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Interview with the directors of the We’re Going on a Bear Hunt animation

Interview with the directors of the We’re Going on a Bear Hunt animation

In celebration of the DVD release of We’re Going on a Bear Hunt, we have a special interview from Channel 4 with the co-directors of the film, Robin Shaw & Joanna Harrison.


What can we expect from the film adaptation of the much-loved children’s classic, We’re Going on a Bear Hunt?


RS: A fun family film where children take the centre stage. It features children who are unsupervised, out and about, meeting challenges. It’s all about that, but it’s also very moving. It takes us across all the seasons and all sorts of landscapes, and across a big emotional landscape. There are joyous moments when the children first go out and start wandering through the swishy-swashy grass, to the sad moments where Rosie, the little girl, is pining for her grandfather and the bear, and also to when the bear is on his own at the end. It’s a jam-packed half hour.


JH: It’s a kind of rollercoaster of emotions. There are funny bits, sad bits. When I was writing the treatment I was very aware that people would be watching this at Christmas, so the whole family would be there – grannies, grandpas, parents, children, teenagers, a baby, possibly even a dog, they’re all watching. And there’s something for everybody in there. It’s very much what I’d call family viewing.


The adaptation has the blessing of the book’s original author, Michael Rosen – but what’s his level of involvement been?


R: He’s been involved at every step of the way. He’s contributed to the adaptation in some ways, suggested some very good things, but he’s also playing several voices in the film. He plays the voice of the bear, not least! He’s also a wildlife presenter and a hedgehog. He really enjoys being in the thick of it.


What about Helen Oxenbury, the book’s illustrator?


Helen has been equally involved. She’ll come in and make some very, very useful and pertinent comments about the visual side of things and the general thrust of the storytelling. It’s quite interesting, because I think it echoes the way they must have worked on the book. Michael’s original imagining of the book was completely different from what actually ended up in print, and it was Helen who supplied the subtext to the words, and made the story much more complex. I think Joanna’s done the same with the film, actually.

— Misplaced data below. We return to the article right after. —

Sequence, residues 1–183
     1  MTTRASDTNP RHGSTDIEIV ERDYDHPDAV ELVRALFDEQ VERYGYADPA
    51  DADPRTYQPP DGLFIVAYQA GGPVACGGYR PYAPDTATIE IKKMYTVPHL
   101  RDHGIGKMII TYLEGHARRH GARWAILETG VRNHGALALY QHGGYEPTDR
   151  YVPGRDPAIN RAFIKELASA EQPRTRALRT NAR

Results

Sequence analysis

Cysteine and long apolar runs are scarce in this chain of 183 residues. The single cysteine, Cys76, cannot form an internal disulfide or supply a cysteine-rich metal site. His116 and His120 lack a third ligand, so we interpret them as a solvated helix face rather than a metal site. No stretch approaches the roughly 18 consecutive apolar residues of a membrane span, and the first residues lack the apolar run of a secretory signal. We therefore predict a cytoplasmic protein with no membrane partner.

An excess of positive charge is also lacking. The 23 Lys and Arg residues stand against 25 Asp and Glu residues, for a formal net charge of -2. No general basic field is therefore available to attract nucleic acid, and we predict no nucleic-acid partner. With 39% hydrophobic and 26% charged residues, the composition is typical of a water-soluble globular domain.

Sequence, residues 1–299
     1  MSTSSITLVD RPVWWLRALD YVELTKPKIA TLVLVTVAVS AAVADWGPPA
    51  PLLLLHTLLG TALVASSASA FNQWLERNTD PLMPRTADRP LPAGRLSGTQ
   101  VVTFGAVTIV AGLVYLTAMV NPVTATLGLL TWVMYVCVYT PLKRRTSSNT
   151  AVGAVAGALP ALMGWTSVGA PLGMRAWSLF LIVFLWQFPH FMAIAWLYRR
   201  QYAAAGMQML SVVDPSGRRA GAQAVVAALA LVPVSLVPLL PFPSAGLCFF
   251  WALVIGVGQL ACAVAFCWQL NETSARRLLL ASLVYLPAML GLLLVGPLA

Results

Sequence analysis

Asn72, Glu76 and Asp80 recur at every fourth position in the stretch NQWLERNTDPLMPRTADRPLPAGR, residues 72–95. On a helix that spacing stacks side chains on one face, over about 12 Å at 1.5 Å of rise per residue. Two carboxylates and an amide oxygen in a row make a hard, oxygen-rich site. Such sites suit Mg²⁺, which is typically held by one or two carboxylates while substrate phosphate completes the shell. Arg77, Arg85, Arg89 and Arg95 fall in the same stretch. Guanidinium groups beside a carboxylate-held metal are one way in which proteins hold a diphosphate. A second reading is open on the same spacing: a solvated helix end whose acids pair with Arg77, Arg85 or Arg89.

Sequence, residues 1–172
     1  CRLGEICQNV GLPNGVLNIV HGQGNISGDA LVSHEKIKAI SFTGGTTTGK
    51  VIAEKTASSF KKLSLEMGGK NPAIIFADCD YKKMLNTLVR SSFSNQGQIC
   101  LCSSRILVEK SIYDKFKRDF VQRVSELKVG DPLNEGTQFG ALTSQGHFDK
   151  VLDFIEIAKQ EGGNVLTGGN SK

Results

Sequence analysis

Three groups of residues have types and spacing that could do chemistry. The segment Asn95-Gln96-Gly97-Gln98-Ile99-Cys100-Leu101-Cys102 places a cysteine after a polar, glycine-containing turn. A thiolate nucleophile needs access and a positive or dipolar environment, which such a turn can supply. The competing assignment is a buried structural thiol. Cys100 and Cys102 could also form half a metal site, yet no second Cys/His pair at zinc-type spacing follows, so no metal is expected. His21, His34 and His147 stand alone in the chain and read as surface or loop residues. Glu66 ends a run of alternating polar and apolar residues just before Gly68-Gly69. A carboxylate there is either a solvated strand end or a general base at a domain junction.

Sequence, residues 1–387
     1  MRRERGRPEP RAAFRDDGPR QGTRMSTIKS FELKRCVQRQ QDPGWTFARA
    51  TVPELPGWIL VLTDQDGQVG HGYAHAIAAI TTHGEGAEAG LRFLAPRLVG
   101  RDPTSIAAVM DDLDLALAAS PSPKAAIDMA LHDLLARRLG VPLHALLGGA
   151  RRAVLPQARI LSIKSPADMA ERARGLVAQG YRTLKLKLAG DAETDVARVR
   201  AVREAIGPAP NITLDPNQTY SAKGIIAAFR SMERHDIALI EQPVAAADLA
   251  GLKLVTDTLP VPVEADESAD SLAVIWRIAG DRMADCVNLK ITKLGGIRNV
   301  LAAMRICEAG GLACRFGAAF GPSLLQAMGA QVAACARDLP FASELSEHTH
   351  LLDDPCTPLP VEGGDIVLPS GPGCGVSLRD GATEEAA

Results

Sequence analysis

You’ve got an excellent cast – you must be thrilled to have such big names.


J: Absolutely. They were brilliant! We’ve got Mark Williams, who was fun and funny, and he brought a real, added dimension to the dad. What we didn’t want from the film was just a generic mum and dad and children. We wanted them all to have strong personalities in their own right. And we had Pam Ferris as the grandmother, who was superb. She didn’t have many lines to say, but, my God, she said them well. And Olivia Colman was wonderful, she created a very gentle, loving mum.

R: But actually, one of the things that we feel most pleased about was how good the kids are.


Why do you think children’s books have such a special place in the national psyche?


R: Because they bond parent and child, and they have an emotional effect on both parties. And when the child grows up, they do the same thing with their children. It’s one of the loveliest things – I still miss it with my children. And even though my eldest daughter is 17, they do actually quite like it if I read them a story.


J: Also, I think they’re little lessons in life, gentle ways of introducing children to life. Bear Hunt is quite scary, but life is scary, and it’s a way for them to learn in a gentle way how to deal with it.


Did you read Bear Hunt to your children?


J: Yeah I did, definitely. Of course! Didn’t everyone?

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